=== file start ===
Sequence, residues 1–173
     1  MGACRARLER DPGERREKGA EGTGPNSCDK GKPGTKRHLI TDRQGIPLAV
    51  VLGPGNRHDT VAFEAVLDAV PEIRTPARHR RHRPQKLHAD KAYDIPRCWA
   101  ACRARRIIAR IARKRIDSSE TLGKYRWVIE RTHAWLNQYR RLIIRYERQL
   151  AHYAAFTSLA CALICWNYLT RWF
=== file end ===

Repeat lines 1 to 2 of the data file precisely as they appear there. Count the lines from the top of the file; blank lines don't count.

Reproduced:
Sequence, residues 1–173
     1  MGACRARLER DPGERREKGA EGTGPNSCDK GKPGTKRHLI TDRQGIPLAV